Non-Fiction Book Talk
by: Angela Brown
Did you know. . .
That there was an underground spy network that tried to destroy the 1960's Civil Rights Movement?
Well. . .
- This anti-civil rights organization was hidden in plain sight in an unassuming office in the Mississippi State Capitol.
- Funded with taxpayer dollars and granted extraordinary latitude to carry out its mission, the Commission evolved from a propaganda machine into a full blown spy operation.
How do we know this is true?
- The Commission itself tell us so in over 136,000 pages of files preserved by the State of Mississippi!
- This use of first person primary historical material brings the reader through one of the most interesting and yet little known stories of America's quest for Civil Rights.
- Medgar Evers: NAACP State Field Secretary. June 12, 1963, Evers comes home from a long day. He gets out of his car, arms filled with "Jim Crow Must Go" T-shirt. As he walks in he is shot in the back.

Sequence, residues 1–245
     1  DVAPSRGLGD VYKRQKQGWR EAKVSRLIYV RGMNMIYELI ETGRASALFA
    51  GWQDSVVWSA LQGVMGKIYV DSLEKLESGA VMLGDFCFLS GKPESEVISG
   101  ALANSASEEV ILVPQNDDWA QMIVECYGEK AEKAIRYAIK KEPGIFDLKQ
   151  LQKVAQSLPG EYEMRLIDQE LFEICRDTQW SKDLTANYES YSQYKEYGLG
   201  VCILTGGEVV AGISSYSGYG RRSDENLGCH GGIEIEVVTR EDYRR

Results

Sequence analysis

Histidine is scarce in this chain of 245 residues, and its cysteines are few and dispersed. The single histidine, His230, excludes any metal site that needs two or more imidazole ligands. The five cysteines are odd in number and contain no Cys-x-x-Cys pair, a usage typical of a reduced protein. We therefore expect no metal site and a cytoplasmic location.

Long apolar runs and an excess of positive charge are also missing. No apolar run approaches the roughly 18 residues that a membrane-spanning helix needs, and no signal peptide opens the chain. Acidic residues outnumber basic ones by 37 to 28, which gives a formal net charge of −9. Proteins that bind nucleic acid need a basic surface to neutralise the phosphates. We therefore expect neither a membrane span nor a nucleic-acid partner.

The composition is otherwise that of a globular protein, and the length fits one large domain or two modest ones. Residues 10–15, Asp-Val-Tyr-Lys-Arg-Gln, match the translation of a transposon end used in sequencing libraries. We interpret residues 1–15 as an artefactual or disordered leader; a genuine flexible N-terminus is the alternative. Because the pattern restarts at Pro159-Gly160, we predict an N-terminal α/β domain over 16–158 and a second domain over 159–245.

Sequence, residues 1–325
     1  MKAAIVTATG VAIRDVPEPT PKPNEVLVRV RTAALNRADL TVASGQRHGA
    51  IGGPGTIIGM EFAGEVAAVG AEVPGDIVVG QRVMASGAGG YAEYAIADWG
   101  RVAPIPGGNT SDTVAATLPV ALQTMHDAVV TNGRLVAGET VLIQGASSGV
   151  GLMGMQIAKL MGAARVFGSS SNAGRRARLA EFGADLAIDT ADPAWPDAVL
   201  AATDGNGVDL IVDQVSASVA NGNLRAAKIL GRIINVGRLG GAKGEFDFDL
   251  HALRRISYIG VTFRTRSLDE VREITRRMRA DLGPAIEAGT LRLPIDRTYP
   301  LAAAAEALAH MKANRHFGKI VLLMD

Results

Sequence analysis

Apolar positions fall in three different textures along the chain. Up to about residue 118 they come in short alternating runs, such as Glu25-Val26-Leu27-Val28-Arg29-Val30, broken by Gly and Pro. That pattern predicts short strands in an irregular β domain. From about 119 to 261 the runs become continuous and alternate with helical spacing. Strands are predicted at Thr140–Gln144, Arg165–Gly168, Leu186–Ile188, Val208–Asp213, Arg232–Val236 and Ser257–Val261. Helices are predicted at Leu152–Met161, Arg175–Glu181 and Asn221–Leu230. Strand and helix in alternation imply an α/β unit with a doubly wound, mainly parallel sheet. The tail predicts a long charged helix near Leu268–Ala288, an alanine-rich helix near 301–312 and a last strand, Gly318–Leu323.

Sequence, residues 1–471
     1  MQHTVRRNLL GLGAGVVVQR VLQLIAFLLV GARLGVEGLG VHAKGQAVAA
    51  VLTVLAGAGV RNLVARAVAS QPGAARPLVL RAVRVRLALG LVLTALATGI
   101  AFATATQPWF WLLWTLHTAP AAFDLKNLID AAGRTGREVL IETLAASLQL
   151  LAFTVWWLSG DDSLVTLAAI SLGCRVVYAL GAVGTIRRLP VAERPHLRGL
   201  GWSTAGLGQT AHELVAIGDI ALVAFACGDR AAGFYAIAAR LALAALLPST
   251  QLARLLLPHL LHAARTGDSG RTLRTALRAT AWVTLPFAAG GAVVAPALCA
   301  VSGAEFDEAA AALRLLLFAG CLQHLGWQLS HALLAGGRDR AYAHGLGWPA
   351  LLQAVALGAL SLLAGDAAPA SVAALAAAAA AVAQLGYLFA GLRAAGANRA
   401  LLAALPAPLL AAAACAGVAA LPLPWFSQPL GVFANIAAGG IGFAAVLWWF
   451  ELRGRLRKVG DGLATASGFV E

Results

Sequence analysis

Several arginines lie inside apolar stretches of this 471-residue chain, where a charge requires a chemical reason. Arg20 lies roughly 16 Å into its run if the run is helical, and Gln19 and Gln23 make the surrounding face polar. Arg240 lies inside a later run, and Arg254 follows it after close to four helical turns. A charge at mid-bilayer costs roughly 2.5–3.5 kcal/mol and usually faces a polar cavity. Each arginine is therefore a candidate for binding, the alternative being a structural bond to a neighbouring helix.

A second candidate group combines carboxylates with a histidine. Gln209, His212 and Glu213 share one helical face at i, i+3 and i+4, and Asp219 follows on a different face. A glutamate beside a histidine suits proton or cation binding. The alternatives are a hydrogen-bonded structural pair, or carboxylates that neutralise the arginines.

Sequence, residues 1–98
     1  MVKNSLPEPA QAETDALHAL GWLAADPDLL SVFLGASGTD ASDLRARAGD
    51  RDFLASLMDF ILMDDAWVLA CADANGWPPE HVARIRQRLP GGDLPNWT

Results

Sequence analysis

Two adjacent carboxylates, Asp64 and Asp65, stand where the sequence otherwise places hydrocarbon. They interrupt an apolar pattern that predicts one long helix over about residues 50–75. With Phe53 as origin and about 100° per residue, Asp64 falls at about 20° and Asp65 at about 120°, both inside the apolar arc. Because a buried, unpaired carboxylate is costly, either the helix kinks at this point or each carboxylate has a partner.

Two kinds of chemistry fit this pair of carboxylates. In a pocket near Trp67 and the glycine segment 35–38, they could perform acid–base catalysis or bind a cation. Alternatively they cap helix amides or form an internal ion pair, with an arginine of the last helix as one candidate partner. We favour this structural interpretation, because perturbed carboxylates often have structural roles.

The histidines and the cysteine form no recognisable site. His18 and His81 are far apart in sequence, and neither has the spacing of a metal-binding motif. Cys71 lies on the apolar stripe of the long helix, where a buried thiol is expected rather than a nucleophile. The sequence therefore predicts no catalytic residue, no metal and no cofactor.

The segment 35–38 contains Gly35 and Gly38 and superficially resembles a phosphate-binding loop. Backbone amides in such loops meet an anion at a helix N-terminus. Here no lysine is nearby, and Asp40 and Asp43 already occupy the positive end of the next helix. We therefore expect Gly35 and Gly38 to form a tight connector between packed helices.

- James Meredith: First African American student admitted to the University of Mississippi. This even went down in history, the Commission negotiated the terms of Meredith's acceptance at the Ole Miss with President John F. Kennedy.
- Freedom Riders: The Commission added scare tactics to limit and deter the Freedom Riders.
- And More!!!!
The year 1956 saw the creation of the Mississippi State Sovereignty Commission, a special agency charged with preserving the right of the state to govern itself without interference from the federal government or private pressure groups. In this era, “sovereignty” was code for segregation, and the commission was granted extraordinary powers to investigate private citizens and organizations, make arrests, maintain secret files and force witnesses to testify. Using primary-source materials, including 134,000 pages of documents from the commission’s once-secret files, Bowers tells the chilling story of how the Mississippi government systematically created a propaganda machine and statewide spy network and collaborated with such groups as the Klan and the White Citizens’ Council to undermine the efforts of civil-rights organizations. He effectively illustrates the desperate and shockingly illegal lengths the commission went to but is less successful in linking it to the assassination of Medgar Evers and the murders of three Freedom Summer volunteers. Compelling and enlightening nonetheless